How To Get Your First Pull Up

Pull-ups are like a fitness right of passage. When you ask people about their fitness goals, one of the most common answers is, “I want to get my first pull-up.” A pull up is not only cool, but it's functional and can help get you strong for any aspect of your life. Have to pull yourself up a tree because a cow is chasing you? Pull-ups can help with that (and yes that has indeed happened to me. True story.) Pull ups not only give you cool party tricks, but they are great for building upper body strength. While getting your first pull up is hard for anyone, women tend to have a harder time building upper body strength because women, on average, possess about one-tenth the testosterone levels of men. But don’t worry. This fact doesn't mean that women can’t build upper body strength, it just means that we might take a different approach. It is information that guides us in the right direction.

“But I’m not interested in getting a pull-up….” Let me kindly convince you why you should jump on this pull-up train. Pull-ups are one of the best ways to build upper body strength. But before we get into why it is important to develop your upper body strength, let's define upper body. Our upper body consists of many different muscles, ligaments and tendons. When we do pull-ups the following muscles are engaged; Latissimus dorsi, Trapezius, Thoracic erector spinae, Rhomboids, Infraspinatus, Teres minor, External oblique. AKA: Lats, Biceps, Obliques, Serratus anterior, Rhomboids. AKAX2: Lats, biceps and back muscles.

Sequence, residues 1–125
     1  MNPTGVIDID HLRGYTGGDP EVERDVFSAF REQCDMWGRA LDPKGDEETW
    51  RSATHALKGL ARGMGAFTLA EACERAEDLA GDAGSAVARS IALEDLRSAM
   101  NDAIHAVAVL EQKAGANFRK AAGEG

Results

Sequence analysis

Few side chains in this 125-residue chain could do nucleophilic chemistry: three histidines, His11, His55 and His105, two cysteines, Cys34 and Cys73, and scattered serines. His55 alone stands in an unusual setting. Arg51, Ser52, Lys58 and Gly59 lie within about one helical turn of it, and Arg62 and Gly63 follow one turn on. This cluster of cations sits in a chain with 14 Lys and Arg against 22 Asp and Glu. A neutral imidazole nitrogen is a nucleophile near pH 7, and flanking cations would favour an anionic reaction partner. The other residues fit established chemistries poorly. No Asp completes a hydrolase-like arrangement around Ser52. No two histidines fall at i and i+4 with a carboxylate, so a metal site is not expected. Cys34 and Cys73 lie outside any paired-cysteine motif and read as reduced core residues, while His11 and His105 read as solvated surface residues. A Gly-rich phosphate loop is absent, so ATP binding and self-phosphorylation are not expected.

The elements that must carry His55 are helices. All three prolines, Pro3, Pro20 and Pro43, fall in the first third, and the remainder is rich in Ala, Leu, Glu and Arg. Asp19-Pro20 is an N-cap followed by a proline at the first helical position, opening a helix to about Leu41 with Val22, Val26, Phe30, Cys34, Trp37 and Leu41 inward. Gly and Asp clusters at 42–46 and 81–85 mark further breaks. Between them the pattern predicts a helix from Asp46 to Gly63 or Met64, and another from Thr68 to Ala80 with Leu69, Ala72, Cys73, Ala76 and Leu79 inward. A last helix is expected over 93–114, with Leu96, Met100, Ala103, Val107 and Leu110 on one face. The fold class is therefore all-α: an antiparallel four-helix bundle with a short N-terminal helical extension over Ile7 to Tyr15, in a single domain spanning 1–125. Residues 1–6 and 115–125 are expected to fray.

One of the muscles I want to highlight is our “lats.” This muscle is used in various fitness movements and many of us have a hard time engaging our lats in our lifts or any fitness movement because our lats are underdeveloped, or we don’t know how to engage or “turn them on.” We use our lats in any pulling motion, deadlift, Olympic weightlifting, back squatting and almost every movement. Think of your lats as a support system for your body. Besides your glutes, hamstrings and quads, your lats are your power muscles. Therefore, pull-ups are a great way to not only grow and develop those muscles, but they are a great way to train yourself to engage those muscles.

Here are 6 alternative ways to build strength in your lats beside doing pull ups. These exercises will help you develop the strength you need to get your first strict pull up or continue to improve if you're already able to do them. Give them a try and let us know what you think.


Banded Face Pulls

Banded Lat Pull Downs

Band Assisted Pull Ups

DB Bent Over Rows

Stationary Rows

Negative Pull Ups


Get your first pull up with Grown Strong!